* Requests for users to help with testing
* Price indications (price and availability vary hugely with region so this is very limited)
* Ability to fetch Subforum threads
* An improved site navigation menu
* RSS feed for new Devices
* Docs & related links
* 'Top choice' list
1. 'externalLinks' expands to 'docsLinks' & 'communityHelp'
The update in February 2021 included "externalLinks," All of the porters did their job very well and used the prompts to make their pages look Boom!
Since then, all manner of links have been added; for documents, Telegram groups, blog posts, and sub-forum links which are related to different users journeys. The desire to make these stand out from a UX perspective led to a new set of Syntax locations.
As a result, externalLinks was split into more relevant sub-sections:
* Telegram group (for niche testing help)
* Sub-form (to fetch UBport’s sub-form thread) - The latest device topics help interaction with the community and give an insight into the usefulness of a device.
In addition we included some very very basic properties to allow for future sorting
2. Device states
This attempts to answer the question, “Will this Device ever get better?” - If it is marked as active it means there is a recently recorded ‘commit’ (software update request).
The sad truth is that we can still only make an inspired guess about the future of a device. It may be abandoned for some unknown reason. As Dalton and Ari pointed out, people abandon projects for many different reasons, whether lifestyle changes, bricking their phone or simply losing interest.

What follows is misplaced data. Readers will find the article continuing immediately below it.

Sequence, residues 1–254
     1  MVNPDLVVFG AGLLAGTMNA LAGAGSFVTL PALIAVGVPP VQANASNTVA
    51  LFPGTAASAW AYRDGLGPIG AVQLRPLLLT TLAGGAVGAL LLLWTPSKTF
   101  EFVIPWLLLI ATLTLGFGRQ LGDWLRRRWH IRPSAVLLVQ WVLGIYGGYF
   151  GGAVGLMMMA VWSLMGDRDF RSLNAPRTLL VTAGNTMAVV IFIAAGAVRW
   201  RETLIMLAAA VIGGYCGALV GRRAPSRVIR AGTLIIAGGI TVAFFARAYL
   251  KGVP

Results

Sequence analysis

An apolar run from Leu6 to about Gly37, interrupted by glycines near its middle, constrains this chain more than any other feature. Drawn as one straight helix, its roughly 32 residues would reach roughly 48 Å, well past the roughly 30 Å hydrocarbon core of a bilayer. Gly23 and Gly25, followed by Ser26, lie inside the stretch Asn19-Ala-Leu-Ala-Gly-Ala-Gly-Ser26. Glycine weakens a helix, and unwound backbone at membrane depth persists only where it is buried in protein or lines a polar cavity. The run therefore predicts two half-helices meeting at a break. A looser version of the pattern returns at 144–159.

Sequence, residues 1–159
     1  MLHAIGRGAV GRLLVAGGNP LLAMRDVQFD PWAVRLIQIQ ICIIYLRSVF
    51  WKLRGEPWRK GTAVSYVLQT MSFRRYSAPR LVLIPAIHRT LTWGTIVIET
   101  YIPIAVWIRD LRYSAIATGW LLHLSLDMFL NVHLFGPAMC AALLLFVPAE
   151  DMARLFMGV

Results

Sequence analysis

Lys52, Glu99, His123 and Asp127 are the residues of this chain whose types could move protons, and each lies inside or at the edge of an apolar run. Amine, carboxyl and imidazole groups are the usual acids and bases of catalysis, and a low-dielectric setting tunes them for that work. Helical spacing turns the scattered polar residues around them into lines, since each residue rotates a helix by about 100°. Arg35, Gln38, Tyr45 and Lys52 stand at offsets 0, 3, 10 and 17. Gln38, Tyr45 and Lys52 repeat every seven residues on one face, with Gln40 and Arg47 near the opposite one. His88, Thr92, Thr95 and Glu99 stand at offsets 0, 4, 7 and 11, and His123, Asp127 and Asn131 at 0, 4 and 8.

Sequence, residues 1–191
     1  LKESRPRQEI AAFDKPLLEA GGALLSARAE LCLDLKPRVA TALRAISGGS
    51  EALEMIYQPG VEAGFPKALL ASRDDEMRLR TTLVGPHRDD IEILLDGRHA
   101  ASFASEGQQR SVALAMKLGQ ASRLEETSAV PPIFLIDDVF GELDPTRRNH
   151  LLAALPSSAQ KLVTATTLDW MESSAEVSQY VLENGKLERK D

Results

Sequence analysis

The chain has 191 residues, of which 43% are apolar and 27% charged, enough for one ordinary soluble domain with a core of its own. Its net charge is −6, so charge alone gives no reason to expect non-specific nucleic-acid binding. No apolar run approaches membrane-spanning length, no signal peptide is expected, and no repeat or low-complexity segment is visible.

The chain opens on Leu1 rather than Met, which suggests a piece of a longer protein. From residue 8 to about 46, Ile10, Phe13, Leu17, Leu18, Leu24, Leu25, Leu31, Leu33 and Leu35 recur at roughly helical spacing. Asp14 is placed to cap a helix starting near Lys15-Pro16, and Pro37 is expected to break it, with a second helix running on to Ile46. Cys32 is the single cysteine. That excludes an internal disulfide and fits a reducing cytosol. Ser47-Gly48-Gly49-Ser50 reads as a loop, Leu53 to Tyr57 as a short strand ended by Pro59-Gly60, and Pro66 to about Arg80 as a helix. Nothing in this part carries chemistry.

Currently, encouraging porters to make a serious commitment is our only mechanism. Future arrangements to better incentivize porters are being discussed. Porting is not easy so please be nice to porters =)
3. Device usability levels
We have not attempted to suggest which device might fit which users/tester/developer. As we discover from feedback, every user is unique in their priorities and some are looking for specific features rather than a whole functioning device.
For sure, our mission to arrive at ‘daily driver’ status will remain. But if we can help to support exceptional use cases between ‘not functioning’ devices and ‘daily drivers’ why not do so? Some will only be of use to those who are tech-savvy and able to fix it if it breaks.